Tycoon and Dragon’s Den star James Caan has advertised for a three-month internship, paying expenses only.

The job description is the longest Graduate Fog has ever seen for an internship, coming in at close to 1,000 words.

The ad (pasted in full below) outlines a long list of responsibilities and qualities that the successful candidate must have.

This role is not just tea-making and post-sorting. And if it was within the private sector, it would be illegal.

However, the multimillionaire’s people have told me it is perfectly lawful – because it is within the James Caan Foundation, a registered charity.

And when I checked with the Pay and Work Rights Helpline, they confirmed that Caan – worth £70m – has done nothing illegal.

Because this internship is within a charity, this person can be classed as a ‘voluntary worker’ — who is not entitled to the National Minimum Wage.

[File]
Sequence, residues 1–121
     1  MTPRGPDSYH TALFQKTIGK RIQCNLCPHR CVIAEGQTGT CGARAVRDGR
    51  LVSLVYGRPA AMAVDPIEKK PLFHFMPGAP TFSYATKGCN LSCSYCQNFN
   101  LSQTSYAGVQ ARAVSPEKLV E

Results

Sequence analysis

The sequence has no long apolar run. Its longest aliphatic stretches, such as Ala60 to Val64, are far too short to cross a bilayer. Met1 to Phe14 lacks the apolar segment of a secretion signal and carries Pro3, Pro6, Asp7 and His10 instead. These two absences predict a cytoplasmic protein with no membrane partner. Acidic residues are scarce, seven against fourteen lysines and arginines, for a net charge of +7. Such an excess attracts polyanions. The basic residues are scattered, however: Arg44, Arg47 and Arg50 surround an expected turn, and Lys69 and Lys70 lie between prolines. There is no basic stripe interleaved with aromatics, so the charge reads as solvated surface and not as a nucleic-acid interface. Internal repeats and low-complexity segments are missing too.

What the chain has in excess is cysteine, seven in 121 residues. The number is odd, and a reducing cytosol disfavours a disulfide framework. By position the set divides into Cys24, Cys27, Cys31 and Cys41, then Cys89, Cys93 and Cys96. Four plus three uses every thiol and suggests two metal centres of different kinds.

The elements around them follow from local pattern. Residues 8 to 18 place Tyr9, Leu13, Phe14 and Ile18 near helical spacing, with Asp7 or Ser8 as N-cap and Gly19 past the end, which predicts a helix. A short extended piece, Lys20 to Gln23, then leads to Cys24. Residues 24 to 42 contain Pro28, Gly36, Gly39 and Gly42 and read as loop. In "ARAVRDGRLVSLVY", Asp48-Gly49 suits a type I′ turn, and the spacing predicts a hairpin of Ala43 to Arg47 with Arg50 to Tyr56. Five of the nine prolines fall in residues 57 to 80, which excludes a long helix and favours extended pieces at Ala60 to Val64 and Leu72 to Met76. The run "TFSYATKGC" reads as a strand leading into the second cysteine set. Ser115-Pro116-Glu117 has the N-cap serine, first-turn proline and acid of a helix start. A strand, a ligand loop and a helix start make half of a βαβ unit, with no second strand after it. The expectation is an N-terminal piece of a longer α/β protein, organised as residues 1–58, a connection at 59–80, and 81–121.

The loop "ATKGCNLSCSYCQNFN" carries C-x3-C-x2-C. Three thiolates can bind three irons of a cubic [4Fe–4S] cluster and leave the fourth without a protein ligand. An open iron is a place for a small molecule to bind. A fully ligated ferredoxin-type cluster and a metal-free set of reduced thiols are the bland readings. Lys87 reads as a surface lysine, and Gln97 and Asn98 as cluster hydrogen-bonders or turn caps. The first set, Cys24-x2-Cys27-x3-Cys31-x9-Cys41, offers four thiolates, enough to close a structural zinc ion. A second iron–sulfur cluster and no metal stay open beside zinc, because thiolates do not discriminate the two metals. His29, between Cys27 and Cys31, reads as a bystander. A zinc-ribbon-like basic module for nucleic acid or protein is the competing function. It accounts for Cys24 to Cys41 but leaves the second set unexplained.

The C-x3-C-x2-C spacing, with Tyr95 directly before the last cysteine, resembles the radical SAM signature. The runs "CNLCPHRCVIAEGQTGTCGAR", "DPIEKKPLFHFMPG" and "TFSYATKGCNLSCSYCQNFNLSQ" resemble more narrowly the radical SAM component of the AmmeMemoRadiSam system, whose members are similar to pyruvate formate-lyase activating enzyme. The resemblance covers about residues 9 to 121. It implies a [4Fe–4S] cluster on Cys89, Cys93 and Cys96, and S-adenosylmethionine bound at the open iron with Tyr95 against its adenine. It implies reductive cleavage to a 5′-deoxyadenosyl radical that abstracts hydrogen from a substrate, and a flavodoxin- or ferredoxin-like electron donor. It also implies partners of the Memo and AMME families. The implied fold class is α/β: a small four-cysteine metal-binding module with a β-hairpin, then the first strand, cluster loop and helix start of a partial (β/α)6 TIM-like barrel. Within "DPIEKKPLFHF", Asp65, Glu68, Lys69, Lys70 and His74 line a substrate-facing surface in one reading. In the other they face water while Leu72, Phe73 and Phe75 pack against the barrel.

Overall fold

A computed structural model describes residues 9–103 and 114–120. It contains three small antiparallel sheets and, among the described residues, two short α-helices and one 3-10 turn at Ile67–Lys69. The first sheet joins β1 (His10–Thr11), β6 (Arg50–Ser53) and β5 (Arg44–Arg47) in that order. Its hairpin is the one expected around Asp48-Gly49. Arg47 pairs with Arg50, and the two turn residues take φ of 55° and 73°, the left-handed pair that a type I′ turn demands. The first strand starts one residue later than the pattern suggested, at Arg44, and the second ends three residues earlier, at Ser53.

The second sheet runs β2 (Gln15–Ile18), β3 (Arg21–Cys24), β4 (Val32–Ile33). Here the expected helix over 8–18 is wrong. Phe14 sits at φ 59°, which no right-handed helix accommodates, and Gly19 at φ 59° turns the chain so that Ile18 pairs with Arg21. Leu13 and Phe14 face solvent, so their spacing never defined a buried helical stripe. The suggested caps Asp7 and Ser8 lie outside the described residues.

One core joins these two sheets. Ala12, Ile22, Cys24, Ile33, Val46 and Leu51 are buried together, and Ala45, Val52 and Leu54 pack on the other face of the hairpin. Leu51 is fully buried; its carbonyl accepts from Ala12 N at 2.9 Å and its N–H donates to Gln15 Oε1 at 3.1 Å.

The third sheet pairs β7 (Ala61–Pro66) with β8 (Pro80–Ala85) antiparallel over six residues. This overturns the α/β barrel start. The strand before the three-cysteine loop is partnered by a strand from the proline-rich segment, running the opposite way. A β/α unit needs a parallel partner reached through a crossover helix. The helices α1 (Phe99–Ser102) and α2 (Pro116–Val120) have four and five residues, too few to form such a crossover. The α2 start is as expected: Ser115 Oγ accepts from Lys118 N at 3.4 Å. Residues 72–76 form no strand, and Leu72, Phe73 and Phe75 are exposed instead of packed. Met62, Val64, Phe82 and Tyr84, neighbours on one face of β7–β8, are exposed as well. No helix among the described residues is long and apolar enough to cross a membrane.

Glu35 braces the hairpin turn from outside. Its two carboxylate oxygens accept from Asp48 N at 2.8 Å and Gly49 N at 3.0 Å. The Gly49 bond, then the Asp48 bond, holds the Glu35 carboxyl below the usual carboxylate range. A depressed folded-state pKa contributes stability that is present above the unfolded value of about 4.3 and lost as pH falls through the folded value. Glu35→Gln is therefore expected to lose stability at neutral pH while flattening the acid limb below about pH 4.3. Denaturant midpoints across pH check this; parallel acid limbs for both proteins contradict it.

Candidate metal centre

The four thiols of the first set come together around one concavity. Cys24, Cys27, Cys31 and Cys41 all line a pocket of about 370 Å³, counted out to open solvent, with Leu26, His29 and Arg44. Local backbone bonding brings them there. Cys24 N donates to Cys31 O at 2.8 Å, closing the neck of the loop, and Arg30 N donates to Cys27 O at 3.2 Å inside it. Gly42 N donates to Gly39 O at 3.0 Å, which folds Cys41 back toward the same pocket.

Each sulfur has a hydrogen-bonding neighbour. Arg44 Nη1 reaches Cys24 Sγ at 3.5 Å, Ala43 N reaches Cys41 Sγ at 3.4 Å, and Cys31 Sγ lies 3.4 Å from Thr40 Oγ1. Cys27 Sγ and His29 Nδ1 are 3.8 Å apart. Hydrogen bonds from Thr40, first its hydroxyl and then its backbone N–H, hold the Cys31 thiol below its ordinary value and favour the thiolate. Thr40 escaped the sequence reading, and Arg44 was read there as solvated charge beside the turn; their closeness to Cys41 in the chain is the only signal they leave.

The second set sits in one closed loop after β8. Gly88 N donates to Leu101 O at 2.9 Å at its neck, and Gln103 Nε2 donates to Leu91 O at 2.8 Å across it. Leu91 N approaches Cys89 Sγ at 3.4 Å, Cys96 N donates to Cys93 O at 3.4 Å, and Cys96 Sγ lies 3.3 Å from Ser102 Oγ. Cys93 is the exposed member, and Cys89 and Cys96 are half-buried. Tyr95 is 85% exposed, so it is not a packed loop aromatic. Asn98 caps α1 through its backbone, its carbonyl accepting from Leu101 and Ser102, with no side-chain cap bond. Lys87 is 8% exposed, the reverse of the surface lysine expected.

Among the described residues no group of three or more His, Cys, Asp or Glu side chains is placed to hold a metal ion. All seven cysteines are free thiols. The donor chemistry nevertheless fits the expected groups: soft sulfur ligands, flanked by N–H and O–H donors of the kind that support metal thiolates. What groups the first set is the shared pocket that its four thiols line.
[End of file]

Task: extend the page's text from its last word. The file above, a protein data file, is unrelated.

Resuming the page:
I am flabbergasted.

I would like to be clear that I am not suggesting that Caan has done anything illegal.

He hasn’t.

Nor am I suggesting he has acted maliciously. No doubt he genuinely thinks this internship is an excellent opportunity for somebody.

What I am suggesting is that this ‘voluntary worker’ loophole in the law does not give adequate protection to graduates trying to break into the charity sector.

In effect, I feel this means they are denied the protection that their friends trying to break into private sector industries receive from our National Minimum Wage laws (in theory at least!)

Decide for yourself.

Do you think this role should be paid or unpaid?

James Caan Foundation Internship 2010 Reference:25522
Posted: 23 July 10

working for James Caan, private equity investor and panellist on BBC2’s Dragons’ Den

salary none